Connecticut is an "equitable distribution" state. The court may assign to either spouse all or part of the property of the other spouse, including any gifts and inheritances, based on the following factors:

  1. The contribution of each spouse to the acquisition of the marital property, including the contribution of each spouse as homemaker
  2. The length of the marriage
  3. The age and health of the spouses
  4. The occupation of the spouses
  5. The amount and sources of income of the spouses
  6. The vocational skills of the spouses
  7. The employability of the spouses
  8. The estate, liabilities, and needs of each spouse and the opportunity of each for further acquisition of capital assets and income
  9. The circumstances that contributed to the estrangement of the spouses
  10. The causes of the dissolution of marriage
[Connecticut General Statutes Annotated; Title 46b, Chapter 81].

Alimony and Spousal Support
Alimony may be awarded to either spouse, based on the following factors:

  1. The causes for the dissolution of marriage, including any marital fault
  2. The distribution of the marital property
  3. Whether the spouse seeking support is the custodian of a child whose condition or circumstances make it appropriate for that spouse not to seek outside employment
  4. The duration of the marriage
  5. The age of the spouses
  6. The physical and emotional conditions of the spouses
  7. The usual occupation of the spouses during the marriage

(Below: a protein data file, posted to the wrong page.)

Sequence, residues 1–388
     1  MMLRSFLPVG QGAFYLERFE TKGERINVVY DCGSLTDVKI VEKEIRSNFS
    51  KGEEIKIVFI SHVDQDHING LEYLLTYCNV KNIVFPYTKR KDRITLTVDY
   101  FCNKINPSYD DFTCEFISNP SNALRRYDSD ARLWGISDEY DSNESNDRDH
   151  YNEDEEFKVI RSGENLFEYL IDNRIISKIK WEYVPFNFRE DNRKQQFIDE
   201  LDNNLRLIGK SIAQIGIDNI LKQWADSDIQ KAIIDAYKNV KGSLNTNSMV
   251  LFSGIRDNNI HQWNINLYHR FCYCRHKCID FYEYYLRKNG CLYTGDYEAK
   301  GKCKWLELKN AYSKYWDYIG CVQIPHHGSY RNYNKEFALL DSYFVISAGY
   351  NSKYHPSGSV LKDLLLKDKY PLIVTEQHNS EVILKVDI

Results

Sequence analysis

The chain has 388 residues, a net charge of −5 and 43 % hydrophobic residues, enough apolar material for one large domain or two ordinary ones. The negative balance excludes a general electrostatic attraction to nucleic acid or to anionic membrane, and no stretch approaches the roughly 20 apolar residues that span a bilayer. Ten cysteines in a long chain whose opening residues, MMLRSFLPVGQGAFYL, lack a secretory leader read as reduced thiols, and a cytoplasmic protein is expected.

8. The needs of each spouse
  9. The vocational skills and employability of the spouse seeking support and alimony
[Connecticut General Statutes Annotated; Title 46b, Chapters 82 and 86].

Spouse's Name After Divorce
Either spouse's birth name shall be restored upon request.
[Connecticut General Statutes Annotated; Title 46b, Chapter 63].

Child Custody After Divorce
Joint or sole custody is awarded based upon the best interests of the child and the following factors:

  1. The causes for the dissolution of marriage if such causes are relevant to the best interests of the child
  2. The wishes of the child if the child is of sufficient age and is capable of forming an intelligent choice
There are no other specific state guidelines for consideration. There is a presumption that joint custody is in the best interests of the child if both parents have agreed to joint custody.
[Connecticut General Statutes Annotated; Title 46b, Chapters 56, 56a, 56b, and 84].

Child Support After Divorce
Either parent may be ordered to contribute child support, based on the following factors:

  1. The financial resources of the child
  2. The age, health, and station of the parents
  3. The occupation of each parent
  4. The earning capacity of each parent
  5. The amount and sources of income of each parent
  6. The vocational skills and employability of each parent
  7. The age and health of the child
  8. The child's occupation
  9. The vocational skills of the child
  10. The employability of the child
  11. The estate and needs of the child
  12. The relative financial means of the parents
Either parent may be ordered to provide health insurance for the child. There are official Child Support Guidelines. These guidelines are presumed to be correct unless there is a showing that the amount would be inequitable or inappropriate under the particular circumstances in a case.
[Connecticut General Statutes Annotated; Title 46b, Chapter 84].